Geobotany and Entomology on the Juneau Icefield

by Polly Bass, University of Alaska, Anchorage, Matanuska Susitna College

Today I am at camp 18 above the Vaughan Llewis Icefall and Gilkey Trench.  Some of the objectives of the geobotanical and biological sciences research group this summer include: Continued monitoring of permanent vegetation quadrats; Evaluation, retrieval and redeployment of temperature data loggers at some of the permanent plots; Investigation of possible invasive species at C18; evaluation of Saxifraga sp. found on the Mount Moore nunatak in 2013, re-evaluation of an observed Taraxacum sp., and investigation of a Draba sp. not before seen on the icefield nunataks. Work at camp eight on Mt. Moore revealed a second species of Saxifrage present. The two Saxifraga members are the only vascular species observed and recorded on Mt. Moore during the relatively long history of JIRP.  The vascular plants on Mt. Moore were found to inhabit a specific geological dike of fissile aphinitic intrusive igneous mafic composition.

 Polly Bass leads the JIRPers on a geobotanical field lecture at Camp 10.

Polly Bass leads the JIRPers on a geobotanical field lecture at Camp 10.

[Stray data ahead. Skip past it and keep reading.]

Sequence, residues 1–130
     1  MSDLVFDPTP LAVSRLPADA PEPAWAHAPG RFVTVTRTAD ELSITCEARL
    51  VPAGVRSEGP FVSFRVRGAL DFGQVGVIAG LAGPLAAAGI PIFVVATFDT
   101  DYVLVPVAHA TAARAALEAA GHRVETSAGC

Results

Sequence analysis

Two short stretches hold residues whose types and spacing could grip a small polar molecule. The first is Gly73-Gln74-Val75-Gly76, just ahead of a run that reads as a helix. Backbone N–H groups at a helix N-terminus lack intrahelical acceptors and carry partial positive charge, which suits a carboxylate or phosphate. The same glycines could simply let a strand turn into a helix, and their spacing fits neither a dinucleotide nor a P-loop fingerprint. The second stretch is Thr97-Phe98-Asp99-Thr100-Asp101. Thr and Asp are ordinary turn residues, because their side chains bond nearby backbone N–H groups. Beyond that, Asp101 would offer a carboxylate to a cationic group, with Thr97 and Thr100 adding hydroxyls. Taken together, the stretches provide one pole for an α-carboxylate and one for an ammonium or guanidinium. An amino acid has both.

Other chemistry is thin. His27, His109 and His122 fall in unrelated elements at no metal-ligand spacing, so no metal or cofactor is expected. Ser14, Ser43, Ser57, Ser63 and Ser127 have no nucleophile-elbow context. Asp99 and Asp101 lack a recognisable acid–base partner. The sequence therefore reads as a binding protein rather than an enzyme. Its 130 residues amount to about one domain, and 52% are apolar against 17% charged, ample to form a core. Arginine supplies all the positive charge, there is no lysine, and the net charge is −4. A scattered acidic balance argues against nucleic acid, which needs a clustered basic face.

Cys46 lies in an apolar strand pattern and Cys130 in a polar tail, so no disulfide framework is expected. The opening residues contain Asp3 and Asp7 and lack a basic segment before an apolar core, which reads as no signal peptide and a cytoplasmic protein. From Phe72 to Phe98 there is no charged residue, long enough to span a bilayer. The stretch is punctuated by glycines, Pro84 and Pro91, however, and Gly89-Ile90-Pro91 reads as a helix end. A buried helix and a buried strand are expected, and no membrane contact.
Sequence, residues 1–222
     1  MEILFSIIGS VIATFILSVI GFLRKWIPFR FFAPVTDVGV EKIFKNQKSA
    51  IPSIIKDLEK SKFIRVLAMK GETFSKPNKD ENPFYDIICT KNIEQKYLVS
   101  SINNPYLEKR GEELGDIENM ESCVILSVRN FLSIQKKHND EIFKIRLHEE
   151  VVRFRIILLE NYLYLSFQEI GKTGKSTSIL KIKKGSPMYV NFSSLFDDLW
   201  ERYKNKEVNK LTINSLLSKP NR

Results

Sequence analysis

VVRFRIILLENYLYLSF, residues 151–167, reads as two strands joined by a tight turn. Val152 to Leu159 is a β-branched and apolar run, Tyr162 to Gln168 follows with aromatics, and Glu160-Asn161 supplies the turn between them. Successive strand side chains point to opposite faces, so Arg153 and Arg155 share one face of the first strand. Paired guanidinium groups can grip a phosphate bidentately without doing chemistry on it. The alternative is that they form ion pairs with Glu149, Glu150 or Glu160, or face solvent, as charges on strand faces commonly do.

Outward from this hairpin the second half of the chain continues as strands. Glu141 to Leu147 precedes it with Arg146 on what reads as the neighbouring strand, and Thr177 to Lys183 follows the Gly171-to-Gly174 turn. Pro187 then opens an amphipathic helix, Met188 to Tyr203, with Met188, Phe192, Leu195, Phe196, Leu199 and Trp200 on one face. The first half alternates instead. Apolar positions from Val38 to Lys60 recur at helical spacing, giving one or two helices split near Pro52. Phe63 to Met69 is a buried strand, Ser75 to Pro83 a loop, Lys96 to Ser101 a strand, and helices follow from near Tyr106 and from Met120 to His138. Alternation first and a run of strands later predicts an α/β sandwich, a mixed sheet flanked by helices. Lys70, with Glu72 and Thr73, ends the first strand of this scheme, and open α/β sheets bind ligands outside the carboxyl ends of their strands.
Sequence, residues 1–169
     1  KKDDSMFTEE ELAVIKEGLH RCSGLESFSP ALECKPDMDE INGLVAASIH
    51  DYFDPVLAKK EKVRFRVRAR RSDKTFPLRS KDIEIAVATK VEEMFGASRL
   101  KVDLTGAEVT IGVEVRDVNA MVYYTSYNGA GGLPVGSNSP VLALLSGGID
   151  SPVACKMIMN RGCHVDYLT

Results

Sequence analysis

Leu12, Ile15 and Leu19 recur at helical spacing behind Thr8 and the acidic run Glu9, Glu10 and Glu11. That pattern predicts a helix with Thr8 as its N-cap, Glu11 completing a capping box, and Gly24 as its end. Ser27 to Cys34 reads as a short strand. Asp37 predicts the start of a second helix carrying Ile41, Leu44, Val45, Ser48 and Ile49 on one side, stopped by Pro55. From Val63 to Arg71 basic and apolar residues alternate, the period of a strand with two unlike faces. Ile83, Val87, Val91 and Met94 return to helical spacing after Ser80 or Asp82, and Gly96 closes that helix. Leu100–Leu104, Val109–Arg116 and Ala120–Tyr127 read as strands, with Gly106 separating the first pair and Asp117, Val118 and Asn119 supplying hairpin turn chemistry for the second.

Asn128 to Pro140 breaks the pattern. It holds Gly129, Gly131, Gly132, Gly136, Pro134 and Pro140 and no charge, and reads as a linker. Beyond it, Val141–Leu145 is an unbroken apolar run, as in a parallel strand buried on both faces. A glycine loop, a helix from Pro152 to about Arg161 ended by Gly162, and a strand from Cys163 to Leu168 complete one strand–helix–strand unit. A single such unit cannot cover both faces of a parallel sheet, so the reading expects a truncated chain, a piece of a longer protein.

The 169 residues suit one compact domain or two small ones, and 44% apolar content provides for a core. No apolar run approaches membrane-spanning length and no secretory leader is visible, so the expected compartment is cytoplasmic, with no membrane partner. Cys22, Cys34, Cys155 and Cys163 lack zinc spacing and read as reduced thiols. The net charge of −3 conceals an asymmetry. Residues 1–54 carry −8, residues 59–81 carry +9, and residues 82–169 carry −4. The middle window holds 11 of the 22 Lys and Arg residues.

Grasses are being collected for a collaborative project with Saewan Koh at the University of Alberta in Edmonton. Saewan is exploring the relationship between the Neotyphodium ungus in grasses, and grazing by herbivores. In the Ruby Range of the Yukon Territory, the presence of the fungus has been identified as a deterrent to grazing. Poaceae family members and, in particular, Festuca genus members were collected at several sites to determine if the observed influence of the fungus on the forb impacts grazing across a latitudinal gradient.

Sean Schofield from the University of Wisconsin, Madison, has joined us to continue the investigation of Nebria lituyae and N. nivalis, two species of Arctic/alpine beetles. Dave Kavanaugh began an investigation of Nebria sp. in the Paradise Valley region of the icefield in 2012. In 2013, student, Ben Slavin collected Nebria at several nunatak sites for Sean Schofields research. This year, Sean is expanding on Bens work to include more sites. He is interested in understanding the distribution of the species across the icefield nunataks, and how the species migrated to the sites. He will also explore the adjacent environs. Additional collections and observations were made adjacent to the icefield in the Mt. Roberts and Mt. Gastineau areas. Future work will benefit from further collaborative field efforts between the geobotanical and entomological research groups. These joint efforts will strive to correlate habitat, substrate, and microclimate variables influencing the presence and absence of icefield flora and microfauna.

 Phyllodoce glanduliflora on the icefield.  photo by Alex Micheler

Phyllodoce glanduliflora on the icefield.  photo by Alex Micheler

 JIRPers gather around during the geobotanical lecture.

JIRPers gather around during the geobotanical lecture.